What Our New Passport Says About Us –And Hipsters

An explosive row has erupted over the new passport design unveiled this week. Of the nine eminent figures included in the “Creative United Kingdom” theme only one -the bard- is bearded. Hipsters were choking on their £3 bowls of killer cereal in exasperation. “We make up over half of the metropolitan creative industries” said one bewhiskered barista at Catatonic, a tap water bar. “This exclusion is an outrage and the design is a stubblewashing of our culture.”

Within hours of the launch #hairstory began to trend and a number of alternative figures from the straight cut fringes of British history were suggested such as writer D H Lawrence, 17th century naturalist Margaret Cavendish and all-round dandy Lytton Strachey. Many in the hipster community, who last year contributed significantly to the British economy (see ‘Bring on the Hipsters’, The Economist), are threatening to leave the country. Their campaign to boycott passports, however, should stem this mooted outflow.

Although the Passport Office was responsible for the design, ministers had ultimate sign-off. It has been rumoured that Labour leader Jeremy Corbyn –twice winner of the Common’s beard of the year award- is to raise the issue at the next Prime Minister’s Questions. In a statement from his office the Opposition leader says he has yet to make up his mind whether he will apply for the new passport. At this point any tweaks to the existing design could result in a constitutional crisis and mass resignations.

Not everyone was up in arms over Passportgate. For some it’s just a design and anything beats the Horse & Hound style of previous passport illustrations. Most were blissfully unaware. The grand unveiling at the Globe was as well-attended as you’d expect a one man show starring Minister for Security James Brokenshire to be. In retrospect the Passport Office may not be ideally placed to lead on original design. The decision to include historical figures is always going to be contentious. They could have taken stock of the Bank of England’s agonised efforts to select replacements for their new generation of banknotes. Even if the Passport Office were to move from Southport to Shoreditch they would still face the issue of how exactly can you be entirely representative of a society that has never been so diverse. To include one is, inevitably, to exclude another.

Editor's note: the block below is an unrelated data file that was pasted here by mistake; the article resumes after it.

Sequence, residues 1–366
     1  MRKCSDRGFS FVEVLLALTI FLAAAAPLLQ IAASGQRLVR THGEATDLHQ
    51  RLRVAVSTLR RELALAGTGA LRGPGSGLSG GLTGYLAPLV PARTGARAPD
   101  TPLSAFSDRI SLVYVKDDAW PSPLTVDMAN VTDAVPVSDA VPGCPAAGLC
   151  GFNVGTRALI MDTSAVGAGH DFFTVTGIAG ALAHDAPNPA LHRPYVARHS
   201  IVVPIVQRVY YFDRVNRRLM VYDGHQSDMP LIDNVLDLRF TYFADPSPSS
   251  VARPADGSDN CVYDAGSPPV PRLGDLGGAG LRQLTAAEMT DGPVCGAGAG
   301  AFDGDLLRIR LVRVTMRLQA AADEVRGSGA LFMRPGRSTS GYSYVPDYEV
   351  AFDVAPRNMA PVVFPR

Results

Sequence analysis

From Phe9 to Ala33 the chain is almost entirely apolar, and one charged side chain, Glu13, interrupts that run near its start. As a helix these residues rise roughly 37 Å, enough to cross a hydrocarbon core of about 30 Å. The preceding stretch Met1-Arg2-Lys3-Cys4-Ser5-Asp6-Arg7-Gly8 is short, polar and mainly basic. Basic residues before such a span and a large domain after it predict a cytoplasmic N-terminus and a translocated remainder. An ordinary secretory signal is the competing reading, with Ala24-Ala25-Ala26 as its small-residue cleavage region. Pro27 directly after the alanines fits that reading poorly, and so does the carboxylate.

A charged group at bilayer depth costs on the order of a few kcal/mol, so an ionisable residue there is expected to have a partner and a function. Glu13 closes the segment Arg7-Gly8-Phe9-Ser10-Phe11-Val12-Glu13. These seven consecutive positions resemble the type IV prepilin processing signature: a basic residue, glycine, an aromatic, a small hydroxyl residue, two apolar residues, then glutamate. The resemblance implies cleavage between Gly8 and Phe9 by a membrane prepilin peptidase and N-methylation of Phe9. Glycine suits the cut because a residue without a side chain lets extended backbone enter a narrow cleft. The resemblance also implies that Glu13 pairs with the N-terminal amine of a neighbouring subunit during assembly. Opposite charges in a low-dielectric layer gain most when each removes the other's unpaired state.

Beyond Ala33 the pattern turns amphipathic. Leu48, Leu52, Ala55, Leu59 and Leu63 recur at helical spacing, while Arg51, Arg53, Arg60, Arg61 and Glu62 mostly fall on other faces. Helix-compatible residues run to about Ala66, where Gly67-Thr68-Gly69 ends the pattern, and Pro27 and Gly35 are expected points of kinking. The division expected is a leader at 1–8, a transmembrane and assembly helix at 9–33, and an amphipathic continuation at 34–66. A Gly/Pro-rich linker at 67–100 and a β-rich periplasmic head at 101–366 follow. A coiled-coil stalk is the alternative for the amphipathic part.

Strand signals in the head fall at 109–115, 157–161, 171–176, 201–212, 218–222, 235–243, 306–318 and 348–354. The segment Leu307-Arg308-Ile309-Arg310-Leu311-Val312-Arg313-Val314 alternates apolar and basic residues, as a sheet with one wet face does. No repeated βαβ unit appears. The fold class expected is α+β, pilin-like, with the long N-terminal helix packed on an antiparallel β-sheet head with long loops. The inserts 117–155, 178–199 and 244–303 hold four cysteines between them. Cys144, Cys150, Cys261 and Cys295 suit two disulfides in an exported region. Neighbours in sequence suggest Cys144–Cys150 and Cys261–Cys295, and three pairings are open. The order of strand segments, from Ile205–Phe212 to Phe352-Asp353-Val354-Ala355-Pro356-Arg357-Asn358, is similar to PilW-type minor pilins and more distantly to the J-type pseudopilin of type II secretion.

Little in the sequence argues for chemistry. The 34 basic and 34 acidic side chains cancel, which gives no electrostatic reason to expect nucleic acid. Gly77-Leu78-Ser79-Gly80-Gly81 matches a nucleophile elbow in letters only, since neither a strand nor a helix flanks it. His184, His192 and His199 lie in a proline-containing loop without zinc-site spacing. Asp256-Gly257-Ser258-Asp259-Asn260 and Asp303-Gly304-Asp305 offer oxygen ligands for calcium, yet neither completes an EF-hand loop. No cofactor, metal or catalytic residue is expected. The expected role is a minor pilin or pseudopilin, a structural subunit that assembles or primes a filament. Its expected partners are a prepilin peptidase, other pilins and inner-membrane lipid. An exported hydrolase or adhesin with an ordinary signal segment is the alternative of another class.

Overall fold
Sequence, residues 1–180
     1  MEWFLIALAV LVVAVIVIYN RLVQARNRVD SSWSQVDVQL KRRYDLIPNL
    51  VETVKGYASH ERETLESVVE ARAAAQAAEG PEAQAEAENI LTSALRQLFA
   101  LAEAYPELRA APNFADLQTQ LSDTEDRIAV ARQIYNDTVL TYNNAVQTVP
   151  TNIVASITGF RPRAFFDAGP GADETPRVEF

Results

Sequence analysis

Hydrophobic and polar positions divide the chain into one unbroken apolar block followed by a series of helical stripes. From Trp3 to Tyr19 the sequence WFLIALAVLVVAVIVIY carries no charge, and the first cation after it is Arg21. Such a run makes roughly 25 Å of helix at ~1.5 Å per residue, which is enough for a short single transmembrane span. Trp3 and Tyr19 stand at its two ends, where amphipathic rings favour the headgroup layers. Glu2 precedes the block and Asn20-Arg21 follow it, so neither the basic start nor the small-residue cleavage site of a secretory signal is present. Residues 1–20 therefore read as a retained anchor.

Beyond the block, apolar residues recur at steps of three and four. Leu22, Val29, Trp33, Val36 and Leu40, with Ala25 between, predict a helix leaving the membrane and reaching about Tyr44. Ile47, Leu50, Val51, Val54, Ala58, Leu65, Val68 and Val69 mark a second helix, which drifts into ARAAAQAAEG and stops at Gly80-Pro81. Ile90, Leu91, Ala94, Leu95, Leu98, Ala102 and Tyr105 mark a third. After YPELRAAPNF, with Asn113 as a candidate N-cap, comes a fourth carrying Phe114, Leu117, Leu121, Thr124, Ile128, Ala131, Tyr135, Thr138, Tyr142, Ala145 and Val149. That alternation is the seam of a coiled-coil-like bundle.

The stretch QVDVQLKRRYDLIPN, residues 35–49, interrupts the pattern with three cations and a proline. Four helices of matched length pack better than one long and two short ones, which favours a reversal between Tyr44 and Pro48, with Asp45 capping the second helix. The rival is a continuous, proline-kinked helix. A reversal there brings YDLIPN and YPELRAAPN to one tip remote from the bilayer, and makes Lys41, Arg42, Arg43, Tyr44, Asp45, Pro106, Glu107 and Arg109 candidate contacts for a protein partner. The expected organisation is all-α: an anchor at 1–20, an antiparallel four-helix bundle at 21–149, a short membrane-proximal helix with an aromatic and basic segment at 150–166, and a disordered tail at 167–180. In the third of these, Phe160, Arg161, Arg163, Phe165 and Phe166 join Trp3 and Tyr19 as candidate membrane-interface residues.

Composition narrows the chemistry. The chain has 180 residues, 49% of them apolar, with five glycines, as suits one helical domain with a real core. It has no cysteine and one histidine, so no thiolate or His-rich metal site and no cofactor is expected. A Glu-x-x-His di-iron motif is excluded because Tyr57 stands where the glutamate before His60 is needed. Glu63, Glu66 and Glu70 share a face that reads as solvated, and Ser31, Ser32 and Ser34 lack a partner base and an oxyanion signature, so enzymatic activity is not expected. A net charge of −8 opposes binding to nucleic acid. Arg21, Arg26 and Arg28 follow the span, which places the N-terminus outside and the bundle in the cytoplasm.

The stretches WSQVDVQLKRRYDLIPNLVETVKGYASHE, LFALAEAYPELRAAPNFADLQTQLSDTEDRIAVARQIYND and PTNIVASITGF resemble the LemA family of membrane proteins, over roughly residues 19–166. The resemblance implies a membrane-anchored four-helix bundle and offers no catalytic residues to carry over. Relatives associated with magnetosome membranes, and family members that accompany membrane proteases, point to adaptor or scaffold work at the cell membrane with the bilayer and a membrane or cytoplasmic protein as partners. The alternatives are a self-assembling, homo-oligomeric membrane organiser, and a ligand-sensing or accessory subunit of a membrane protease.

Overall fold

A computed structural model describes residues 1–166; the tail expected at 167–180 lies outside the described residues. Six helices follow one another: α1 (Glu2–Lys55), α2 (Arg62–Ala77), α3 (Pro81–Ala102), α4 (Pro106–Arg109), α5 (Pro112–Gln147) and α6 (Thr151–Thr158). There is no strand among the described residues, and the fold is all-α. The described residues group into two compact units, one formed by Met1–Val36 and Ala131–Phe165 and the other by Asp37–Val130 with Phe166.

What many didn’t remark on is that, at £72.50 (or 24 bowls of imported cereal), the UK passport ranks among the most expensive national IDs in the world. By contrast, the Spanish, German and French passports cost £18, £56 and £61 respectively. Rather than focussing on the content would it not make more sense to ask if we’re getting the aesthetic bang for our non-negotiable buck? True the designers appear to have thrown everything at the middle pages- from Victorian scrapbooks to the rejected imagery of a 2012 Great campaign. It’s a clutterful Britannia, haunted on every page by the awkward spectral presence of Shakespeare: uneasy lies the head that becomes a 3D watermark. If this is a symbol of national identity we can conclude that in 2015 Britain finds itself in a messy state, proud of individual parts but uncertain how exactly they all come together.

Beauty, as the design epithet goes, lies in simplicity. The Norwegian passport -costing £40, only slightly more expensive than a pint in an Oslo pub- is such an artefact. The most recent design by the cooler-than-thou studio Neue comes with clean, pastel coloured covers. You can imagine Cary Grant and Audrey Hepburn continent hopping with these documents in hand. Inside they avoid the issue of exclusion by capturing the one thing that unites all Norwegian- a love of the outdoors. Rather than the cottage calendar sketches of the soon-to-be-outdated UK passport the minimalist, almost pop-arty fjords are the definition of sleek. Even Hipsters wouldn’t be able to fault this beardless masterwork.

Gerard Corvin

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